The UDRP decision over the domain name seems to be a classic case of a complainant who got angry at an ambitious domain investor and over-estimated the strength of its trademark rights.

The Facts

The Complainant in the National Arbitration Forum (NAF) Claim FA 1578228 owns a 2009 TM registration for the mark MY SCHOOL and uses it at its social website where students, parents, faculty, and alumni can connect with others from their school. The Respondent is a domain investor and owns many other domain names that it created or purchased at auction. These domains are made up of generic or descriptive words, and there is no claim that they infringe on other trademarks. The domain name in question in this complaint,, was first created in 1996 but Respondent purchased it at auction in 2013 for $42,000 and has it resolve to a pay-per-click site with school related listings.

The Complainant claims that the “Respondent is using the domain name to redirect Internet users and to extort money from Complainant to purchase the domain name” since the Respondent had offered to sell the domain to the Complainant for an unspecified amount of money. The Respondent claims that its domain is merely descriptive, that it had no knowledge of Complainant or its mark, and that “Complaint is trying to hijack the domain name to which he was never entitled.”

The Decision

The three-member Panel held that “The selling of domain names comprised of generic terms is a recognized and legitimate practice” and noted that the “Respondent has legitimately used the domain name for advertising related to the descriptive nature of the domain name itself” – the school related links on its site. So, the case was denied because Complainant couldn’t prove that the Respondent has no rights or legitimate interest in the domain.

Unpacking the Results

Although the Complainant somehow managed to get its mark registered in the U.S., this doesn’t mean it’s a strong mark that is capable of being enforced against all other uses.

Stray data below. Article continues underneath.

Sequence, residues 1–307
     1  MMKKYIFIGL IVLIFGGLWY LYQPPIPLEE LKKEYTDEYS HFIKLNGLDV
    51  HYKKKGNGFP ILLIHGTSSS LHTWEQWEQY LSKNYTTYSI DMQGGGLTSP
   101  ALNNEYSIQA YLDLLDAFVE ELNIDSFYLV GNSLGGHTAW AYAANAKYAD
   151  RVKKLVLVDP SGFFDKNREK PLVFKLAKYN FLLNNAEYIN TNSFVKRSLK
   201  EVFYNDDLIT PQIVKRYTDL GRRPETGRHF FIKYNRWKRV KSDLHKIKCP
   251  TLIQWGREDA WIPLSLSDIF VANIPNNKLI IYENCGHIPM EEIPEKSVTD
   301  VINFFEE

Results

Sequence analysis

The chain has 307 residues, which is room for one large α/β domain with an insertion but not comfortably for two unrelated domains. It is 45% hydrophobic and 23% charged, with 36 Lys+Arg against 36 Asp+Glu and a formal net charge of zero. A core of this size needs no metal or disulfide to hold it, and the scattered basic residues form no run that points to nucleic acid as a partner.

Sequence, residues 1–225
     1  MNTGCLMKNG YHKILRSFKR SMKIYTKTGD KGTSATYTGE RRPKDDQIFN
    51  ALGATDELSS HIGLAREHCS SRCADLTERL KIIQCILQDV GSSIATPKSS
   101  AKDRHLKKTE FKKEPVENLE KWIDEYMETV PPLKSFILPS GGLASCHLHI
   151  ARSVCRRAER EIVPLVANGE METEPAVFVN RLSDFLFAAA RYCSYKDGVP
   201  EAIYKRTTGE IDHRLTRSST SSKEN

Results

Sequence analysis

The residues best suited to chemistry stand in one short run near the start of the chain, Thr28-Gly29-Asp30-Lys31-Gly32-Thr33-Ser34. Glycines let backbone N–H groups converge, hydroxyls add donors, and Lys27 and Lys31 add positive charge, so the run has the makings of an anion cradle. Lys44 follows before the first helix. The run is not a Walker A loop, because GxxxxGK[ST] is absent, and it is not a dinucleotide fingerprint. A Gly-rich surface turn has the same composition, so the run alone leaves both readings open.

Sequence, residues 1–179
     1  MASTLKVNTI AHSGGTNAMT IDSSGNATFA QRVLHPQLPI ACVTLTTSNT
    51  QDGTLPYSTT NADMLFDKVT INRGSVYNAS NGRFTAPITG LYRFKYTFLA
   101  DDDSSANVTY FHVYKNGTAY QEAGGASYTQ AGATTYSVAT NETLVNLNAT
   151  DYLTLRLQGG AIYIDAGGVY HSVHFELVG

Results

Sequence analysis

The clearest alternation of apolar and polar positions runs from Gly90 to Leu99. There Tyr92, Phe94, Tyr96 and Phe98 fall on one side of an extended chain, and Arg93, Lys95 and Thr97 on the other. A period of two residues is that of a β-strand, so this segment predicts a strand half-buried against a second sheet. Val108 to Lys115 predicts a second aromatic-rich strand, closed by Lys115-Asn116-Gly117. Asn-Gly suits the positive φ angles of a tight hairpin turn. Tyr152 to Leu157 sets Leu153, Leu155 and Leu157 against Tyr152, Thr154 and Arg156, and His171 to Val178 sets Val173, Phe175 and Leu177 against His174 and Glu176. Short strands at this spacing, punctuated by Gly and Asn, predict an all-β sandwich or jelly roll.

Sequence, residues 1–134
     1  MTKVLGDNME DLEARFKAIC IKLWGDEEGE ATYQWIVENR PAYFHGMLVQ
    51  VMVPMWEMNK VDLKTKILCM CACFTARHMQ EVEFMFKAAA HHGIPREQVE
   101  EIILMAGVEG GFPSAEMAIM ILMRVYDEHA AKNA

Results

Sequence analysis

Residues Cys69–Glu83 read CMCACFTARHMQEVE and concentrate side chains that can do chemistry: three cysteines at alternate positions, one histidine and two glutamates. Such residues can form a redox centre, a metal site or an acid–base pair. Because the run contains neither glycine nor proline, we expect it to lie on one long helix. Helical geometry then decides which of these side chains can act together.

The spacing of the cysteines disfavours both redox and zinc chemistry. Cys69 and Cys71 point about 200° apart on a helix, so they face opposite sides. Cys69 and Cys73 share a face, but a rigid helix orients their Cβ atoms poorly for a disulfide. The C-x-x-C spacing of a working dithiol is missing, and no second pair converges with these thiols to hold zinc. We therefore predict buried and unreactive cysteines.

The fact that the Complainant’s business is also relatively obscure likely didn’t help. American Airlines can enforce its mark more broadly because it is famous and has been around for decades. However, a little known site called MYSCHOOL – even without a space between the words – that is focused on connecting people who went to a particular academic institution can’t reasonably expect to be able to stop all other school-related uses of that phrase.

Another interesting facet of this decision is its lack of discussion about the relative dates of each party’s rights.  Typically, when a domain name predates a complainant’s trademark rights, there can be no bad faith since the respondent wouldn’t have even known about the trademark at the time it registered the domain.  However, it is an established concept in UDRP jurisprudence that you must consider whether the respondent acted in bad faith at the time it acquired the domain if this was after the domain’s original creation.  Here, the Respondent may not have argued that the 1996 creation of the domain predates Complainant’s trademark rights, which could be why the Panel never addressed it. However, had he raised the point, he would have learned that his acquisition of the domain after the Complainant’s trademark came in to existence starts the clock running again and, in that scenario, the Complainant would have prior rights.

In the end, I agree with the outcome in this case and think that an attorney experienced in domain name enforcement matters would have advised this Complainant that the UDRP was not a good choice for addressing the situation. Sometimes you’ve gotta bite the bullet and pay a domain investor to acquire the name you want or be prepared to just walk away and accept that you have to coexist with another domain out there that’s similar to your weak brand.

The Complainant should also consider itself lucky that it avoided a finding of reverse domain hijacking. But I expect its ownership of actual trademark registrations for the MYSCHOOL mark caused the Panel to lean the way it did.

Steve Levy
You Gotta Know When To Fold ‘Em… Know When To Walk Away…

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